Another sign that I’m growing old…
I just came back from picking up some things at the local supermarket, where the store’s speakers were playing their usual selection of musty pop-music classics. One of them was the 1970 hit “Knock Three Times” by Tony Orlando & Dawn.
When I was nine years old, this seemed like an innocent song about unrequited love. But let’s look at it a little more closely. (For those not familiar with this light-rock chestnut, I’ve embedded the video for the song below.)
The song’s premise is that the singer has a thing for the woman who lives in the apartment below his. Not just any old thing, mind you — he notes that he has “seen her” several times and that he “can feel her body swayin'” when she dances to music in her apartment.
How does the singer aim to catch his prey, er, win the woman over? He has written a note about his lust for her, attached the note to a string, and has dangled the string outside of his apartment window and in front of hers. The note instructs the woman that, if she would like to “meet me in the hallway” (Now there’s an invite for ya!), she should knock three times on her apartment’s ceiling (i.e., his floor); if she does not want to meet up with him, she should knock twice on the pipe. The singer never considers a third alternative, wherein the woman calls the police and files for a restraining order.
If anyone ever needs proof that males have dominated American society to a detrimental degree, it’s the stalker-song genre. Think “Knock Three Times” is the only example? My twenty-something daughter regularly refers to a particular 1983 hit as “the stalker song.” It’s “Every Breath You Take” by The Police. This song could not make any more explicit the singer’s obsession with a woman. “Every breath you take,” Sting sings, “every move you make, every bond you break, every step you take…I’ll be watching you.”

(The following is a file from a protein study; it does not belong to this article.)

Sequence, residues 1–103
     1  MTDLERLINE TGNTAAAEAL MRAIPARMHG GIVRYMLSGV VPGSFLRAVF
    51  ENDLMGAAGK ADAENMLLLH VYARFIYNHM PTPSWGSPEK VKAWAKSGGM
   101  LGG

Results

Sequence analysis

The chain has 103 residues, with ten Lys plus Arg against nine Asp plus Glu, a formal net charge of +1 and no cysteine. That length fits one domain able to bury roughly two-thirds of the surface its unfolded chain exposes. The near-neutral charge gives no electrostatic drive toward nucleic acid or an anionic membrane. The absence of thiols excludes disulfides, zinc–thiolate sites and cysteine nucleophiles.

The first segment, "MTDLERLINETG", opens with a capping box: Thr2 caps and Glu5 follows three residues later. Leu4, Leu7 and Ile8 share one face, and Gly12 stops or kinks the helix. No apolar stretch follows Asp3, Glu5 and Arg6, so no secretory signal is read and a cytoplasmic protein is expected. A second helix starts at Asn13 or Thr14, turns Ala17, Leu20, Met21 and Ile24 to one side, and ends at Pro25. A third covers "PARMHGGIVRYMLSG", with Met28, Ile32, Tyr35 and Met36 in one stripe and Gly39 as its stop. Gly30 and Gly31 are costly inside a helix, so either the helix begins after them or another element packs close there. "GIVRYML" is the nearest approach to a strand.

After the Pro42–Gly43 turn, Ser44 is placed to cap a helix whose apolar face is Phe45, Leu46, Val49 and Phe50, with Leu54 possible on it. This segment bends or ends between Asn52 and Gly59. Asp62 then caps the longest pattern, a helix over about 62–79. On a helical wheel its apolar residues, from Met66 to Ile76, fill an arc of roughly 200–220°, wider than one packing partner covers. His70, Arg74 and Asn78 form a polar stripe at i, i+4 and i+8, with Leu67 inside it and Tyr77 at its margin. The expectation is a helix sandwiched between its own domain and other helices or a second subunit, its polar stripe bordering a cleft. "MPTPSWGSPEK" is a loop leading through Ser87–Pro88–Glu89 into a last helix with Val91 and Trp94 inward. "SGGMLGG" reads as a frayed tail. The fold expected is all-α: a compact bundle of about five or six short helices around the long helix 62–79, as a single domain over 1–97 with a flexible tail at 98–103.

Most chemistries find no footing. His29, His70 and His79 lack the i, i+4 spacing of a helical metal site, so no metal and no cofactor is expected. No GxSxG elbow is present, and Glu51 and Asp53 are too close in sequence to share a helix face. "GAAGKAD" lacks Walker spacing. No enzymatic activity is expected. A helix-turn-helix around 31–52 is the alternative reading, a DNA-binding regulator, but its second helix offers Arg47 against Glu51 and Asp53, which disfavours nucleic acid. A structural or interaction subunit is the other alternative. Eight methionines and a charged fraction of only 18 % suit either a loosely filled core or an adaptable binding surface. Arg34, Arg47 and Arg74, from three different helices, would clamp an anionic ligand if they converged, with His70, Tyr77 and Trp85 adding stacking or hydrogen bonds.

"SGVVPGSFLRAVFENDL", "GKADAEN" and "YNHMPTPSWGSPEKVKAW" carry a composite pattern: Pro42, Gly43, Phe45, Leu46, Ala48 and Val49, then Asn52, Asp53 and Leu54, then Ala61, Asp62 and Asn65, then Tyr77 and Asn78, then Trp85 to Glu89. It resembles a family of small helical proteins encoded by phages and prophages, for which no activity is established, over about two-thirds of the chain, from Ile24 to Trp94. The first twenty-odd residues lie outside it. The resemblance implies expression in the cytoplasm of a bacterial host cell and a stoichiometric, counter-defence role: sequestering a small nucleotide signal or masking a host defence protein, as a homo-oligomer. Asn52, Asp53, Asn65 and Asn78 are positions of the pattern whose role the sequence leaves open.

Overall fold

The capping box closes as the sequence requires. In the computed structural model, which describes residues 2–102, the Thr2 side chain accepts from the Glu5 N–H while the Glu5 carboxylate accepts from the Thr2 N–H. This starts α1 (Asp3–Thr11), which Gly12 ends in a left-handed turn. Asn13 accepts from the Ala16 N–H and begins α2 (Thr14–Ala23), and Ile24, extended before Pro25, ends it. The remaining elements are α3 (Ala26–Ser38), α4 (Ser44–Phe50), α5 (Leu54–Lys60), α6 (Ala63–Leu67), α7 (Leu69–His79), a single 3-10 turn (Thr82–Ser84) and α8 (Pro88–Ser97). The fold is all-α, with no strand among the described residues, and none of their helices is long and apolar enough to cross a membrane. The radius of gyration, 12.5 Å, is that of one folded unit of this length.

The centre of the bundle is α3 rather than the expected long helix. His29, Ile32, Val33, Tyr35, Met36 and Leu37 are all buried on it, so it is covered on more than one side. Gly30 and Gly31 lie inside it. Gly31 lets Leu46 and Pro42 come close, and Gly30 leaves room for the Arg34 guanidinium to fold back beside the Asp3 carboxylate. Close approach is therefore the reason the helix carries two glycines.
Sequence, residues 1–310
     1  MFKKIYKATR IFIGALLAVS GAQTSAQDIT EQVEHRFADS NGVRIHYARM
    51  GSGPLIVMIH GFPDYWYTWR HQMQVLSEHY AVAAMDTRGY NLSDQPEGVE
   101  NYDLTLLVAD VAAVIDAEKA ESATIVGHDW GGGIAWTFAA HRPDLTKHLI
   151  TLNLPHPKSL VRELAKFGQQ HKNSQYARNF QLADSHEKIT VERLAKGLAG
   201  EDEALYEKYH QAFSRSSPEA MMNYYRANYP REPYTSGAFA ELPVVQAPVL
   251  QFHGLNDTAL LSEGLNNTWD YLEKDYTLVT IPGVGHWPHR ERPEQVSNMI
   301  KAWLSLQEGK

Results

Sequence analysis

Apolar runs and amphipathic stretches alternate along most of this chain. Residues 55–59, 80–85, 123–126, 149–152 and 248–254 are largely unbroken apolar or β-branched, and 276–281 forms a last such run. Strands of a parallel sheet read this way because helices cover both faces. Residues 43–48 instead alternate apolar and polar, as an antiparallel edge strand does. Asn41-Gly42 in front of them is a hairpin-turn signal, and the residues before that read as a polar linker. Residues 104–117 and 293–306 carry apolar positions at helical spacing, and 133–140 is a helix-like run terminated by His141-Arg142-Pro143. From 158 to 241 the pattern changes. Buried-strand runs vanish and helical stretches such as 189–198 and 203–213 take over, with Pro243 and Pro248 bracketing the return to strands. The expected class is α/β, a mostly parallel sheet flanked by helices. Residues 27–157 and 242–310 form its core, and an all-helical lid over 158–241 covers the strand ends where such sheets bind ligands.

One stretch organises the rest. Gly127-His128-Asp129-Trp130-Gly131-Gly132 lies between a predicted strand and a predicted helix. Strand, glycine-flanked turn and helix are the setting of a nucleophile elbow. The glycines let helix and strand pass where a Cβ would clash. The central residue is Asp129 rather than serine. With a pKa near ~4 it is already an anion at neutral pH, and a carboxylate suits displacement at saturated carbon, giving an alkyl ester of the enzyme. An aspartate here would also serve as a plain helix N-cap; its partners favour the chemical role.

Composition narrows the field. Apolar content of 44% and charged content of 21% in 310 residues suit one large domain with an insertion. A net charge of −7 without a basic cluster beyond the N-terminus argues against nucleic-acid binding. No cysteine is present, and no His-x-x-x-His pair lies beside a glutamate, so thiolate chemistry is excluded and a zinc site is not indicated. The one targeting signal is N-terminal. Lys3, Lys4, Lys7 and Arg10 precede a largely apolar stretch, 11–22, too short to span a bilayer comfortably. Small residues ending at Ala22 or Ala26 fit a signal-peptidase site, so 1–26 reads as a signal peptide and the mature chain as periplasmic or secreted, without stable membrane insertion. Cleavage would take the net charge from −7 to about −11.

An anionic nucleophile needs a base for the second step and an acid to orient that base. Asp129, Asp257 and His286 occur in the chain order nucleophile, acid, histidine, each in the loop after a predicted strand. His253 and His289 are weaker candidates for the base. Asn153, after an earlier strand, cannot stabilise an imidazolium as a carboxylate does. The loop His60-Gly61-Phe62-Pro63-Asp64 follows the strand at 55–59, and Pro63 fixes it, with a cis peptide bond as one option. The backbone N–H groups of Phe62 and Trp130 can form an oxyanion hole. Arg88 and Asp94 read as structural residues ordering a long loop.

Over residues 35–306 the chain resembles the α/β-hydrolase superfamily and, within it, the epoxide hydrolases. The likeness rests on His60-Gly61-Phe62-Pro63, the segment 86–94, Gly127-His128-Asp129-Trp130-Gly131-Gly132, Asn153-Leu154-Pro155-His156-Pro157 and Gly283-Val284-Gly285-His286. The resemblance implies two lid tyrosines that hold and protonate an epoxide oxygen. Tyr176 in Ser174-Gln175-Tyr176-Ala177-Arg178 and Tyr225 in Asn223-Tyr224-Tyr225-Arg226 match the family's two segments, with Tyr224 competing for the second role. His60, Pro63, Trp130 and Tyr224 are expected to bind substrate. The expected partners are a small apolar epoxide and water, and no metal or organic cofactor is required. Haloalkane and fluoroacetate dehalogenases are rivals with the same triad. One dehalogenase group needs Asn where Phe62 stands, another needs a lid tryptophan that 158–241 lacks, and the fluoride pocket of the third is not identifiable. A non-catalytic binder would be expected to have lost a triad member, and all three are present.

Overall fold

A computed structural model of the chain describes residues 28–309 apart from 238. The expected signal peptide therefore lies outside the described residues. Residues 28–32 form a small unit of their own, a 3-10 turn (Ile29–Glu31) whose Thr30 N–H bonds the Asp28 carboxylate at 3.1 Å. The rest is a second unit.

Sting further goes on to state, “Oh, can’t you see? You belong to me.” No doubt he had “Property Of…” tattooed on the woman at some point.
And the video is filmed like a modern day film-noir, in black-and-white and with sinewy shadows and harsh lighting. Not exactly the stuff that romance is made of.
Sadly, my favorite group of all time, The Beatles, is as guilty of this kind of misogyny as anyone. John Lennon made no secret of how overly macho he was in his youth, and that attitude is reflected in the very possessive lyrics of the Beatles songs “Run for Your Life” (from the otherwise philosophical album Rubber Soul) and “You Can’t Do That.” Even the singer in Sgt. Pepper‘s otherwise optimistic “Getting Better” nonchalantly confesses, “I used to be cruel to my woman/I beat her and kept her apart from the things that she lived.” Not exactly something to put on one’s resume.
And let’s not even getting started on The Rolling “Under My Thumb” Stones.
So what’s your favorite (if that’s the word) example of a stalker song — a song that looks innocent on the outside but riddled with terror on the inside?